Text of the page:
With recent interest rate rises, much talk has centred on how the increases are likely to affect families and mortgage repayments. However, the impact on small business owners and their cashflow shouldn’t be ignored.
Unfortunately, small business owners may feel a disproportionate amount of the pain from interest rate rises. While there’s a great deal of political pressure on the banks to only pass along rate rises to home loan borrowers in line with the Reserve Bank’s movements, the banks have been vocal about their own funding costs rising beyond the RBA’s increases.
So, be warned: given that small business is a less politically sensitive group, it’s likely that higher increases will be passed on to small business borrowers – either via loans, credit cards or overdrafts – in order to compensate for these costs.
This will leave many small businesses struggling to make repayments and balance the cashflow requirements for their working capital.
In order to prepare for these anticipated increases, small business owners need to look at their finances in advance and see what impact even a small increase will have on their operating costs and bottom line.
If you’re a small business owner, the first thing you should do is calculate the projected increase in funding costs from not just one rate rise but a few. Use a scenario where the interest costs increase by one percentage point (100 basis points) and see what impact this has. Ask yourself how an increase is likely to affect your bottom line, and how it would impact on your cashflow.
It’s also important that you know your funding limits. Part of effectively managing your cashflow is to ensure there is enough capacity in the funding lines available to run your business efficiently and without interruption. Small businesses can often grow beyond traditional funding lines, which can be capped based on credit limits set by the collateral that the small business owner has put up as security.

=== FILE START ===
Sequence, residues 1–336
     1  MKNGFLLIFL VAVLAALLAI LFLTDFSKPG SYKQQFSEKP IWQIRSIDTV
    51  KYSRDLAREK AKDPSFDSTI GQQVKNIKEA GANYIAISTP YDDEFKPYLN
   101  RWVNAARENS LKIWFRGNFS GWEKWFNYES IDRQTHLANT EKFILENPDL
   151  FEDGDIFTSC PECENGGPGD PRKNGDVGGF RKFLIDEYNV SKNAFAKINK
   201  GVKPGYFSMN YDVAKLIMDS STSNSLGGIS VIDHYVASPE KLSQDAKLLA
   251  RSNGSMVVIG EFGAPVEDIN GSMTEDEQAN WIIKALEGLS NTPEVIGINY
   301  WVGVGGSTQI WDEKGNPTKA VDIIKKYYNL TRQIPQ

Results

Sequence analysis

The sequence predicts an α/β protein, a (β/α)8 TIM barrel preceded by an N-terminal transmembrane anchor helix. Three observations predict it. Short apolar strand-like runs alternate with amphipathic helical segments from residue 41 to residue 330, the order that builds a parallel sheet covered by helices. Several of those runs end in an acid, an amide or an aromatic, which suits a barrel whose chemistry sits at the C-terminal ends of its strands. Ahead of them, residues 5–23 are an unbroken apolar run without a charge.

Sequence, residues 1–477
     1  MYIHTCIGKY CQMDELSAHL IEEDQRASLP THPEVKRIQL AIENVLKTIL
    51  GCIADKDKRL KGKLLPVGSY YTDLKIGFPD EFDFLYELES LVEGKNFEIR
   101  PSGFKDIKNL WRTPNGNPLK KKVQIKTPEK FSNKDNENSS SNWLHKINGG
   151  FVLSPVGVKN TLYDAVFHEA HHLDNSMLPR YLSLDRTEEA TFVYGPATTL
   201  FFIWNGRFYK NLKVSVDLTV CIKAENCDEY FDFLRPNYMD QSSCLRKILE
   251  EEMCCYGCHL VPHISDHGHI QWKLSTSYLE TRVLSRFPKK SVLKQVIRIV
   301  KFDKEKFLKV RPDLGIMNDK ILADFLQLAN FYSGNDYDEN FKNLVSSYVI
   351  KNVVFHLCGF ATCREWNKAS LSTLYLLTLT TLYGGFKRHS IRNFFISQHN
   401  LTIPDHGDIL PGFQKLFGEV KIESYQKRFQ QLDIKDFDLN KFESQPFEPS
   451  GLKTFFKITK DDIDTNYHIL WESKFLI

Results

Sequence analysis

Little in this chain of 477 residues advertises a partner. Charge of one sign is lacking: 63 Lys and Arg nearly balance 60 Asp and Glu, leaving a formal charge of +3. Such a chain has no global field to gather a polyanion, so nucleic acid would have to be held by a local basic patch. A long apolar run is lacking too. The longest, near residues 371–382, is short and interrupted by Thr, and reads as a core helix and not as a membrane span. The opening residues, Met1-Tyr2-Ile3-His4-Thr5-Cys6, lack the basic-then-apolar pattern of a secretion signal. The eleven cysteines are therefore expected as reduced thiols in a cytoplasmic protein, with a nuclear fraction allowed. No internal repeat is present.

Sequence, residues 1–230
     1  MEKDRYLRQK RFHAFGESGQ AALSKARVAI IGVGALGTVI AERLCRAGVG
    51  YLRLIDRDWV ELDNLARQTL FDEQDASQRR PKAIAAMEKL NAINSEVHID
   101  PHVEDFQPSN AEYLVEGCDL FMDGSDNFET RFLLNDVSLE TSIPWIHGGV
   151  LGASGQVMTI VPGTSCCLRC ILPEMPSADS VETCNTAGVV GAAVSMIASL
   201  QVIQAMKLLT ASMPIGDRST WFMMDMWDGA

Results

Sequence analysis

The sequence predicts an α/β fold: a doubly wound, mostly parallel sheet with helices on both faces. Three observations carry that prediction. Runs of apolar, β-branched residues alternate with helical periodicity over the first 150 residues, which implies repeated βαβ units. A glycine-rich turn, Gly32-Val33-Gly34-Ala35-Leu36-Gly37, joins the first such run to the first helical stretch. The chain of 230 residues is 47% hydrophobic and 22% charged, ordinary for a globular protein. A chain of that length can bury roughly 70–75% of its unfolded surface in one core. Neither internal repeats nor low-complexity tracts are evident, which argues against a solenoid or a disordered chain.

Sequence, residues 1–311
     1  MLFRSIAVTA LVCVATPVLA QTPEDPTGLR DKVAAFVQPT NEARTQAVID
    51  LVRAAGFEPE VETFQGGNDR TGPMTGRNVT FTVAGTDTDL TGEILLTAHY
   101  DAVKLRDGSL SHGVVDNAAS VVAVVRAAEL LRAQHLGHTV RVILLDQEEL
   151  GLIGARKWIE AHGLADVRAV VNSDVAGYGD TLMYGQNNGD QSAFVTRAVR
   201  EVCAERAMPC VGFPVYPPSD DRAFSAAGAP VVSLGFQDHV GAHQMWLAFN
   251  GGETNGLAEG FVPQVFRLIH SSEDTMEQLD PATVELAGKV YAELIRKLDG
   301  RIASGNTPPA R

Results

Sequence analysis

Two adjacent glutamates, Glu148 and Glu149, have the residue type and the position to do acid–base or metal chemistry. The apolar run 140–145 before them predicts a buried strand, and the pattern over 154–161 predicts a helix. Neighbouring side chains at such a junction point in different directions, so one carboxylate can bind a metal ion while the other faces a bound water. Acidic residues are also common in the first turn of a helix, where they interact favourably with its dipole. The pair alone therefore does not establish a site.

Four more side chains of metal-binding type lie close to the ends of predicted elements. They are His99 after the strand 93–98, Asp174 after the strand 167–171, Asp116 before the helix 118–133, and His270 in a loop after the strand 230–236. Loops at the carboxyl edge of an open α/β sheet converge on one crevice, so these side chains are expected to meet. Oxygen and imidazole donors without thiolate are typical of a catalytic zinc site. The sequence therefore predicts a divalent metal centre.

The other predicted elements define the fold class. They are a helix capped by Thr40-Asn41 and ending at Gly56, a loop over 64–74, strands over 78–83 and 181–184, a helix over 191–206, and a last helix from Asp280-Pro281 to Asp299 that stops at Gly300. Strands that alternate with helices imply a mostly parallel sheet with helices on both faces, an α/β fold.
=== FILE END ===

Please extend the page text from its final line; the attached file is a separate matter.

Also take time to review your options. If traditional lines of credit, business loans or credit cards are not providing your business with the flexibility you need to operate effectively, then consider other options such as receivables or invoice finance. Small businesses often overlook one of the major assets they have: the strong customer base of credit-worthy companies that are on their Receivables ledger.
Invoice factoring can provide small businesses with short-term working capital funding in the form of invoice discounting. It’s a form of commercial financing or debt financing that has collateral as a basis for borrowing money. Basically, a factoring company makes arrangements to purchase a company’s invoice in exchange for immediate payment to ensure the business’s operations can continue uninterrupted.
It’s important to remember that while interest rate increases can place an extra burden on small business owners, a little advanced planning will at least prepare you for what a rise might mean for your business.
David Hechter is the Chief Operating Office of The Interface Financial Group in Australia. IFG is the largest alternative funding source for small business in New Zealand and North America, and provides short-term working capital funding in the form of an Invoice Discounting service.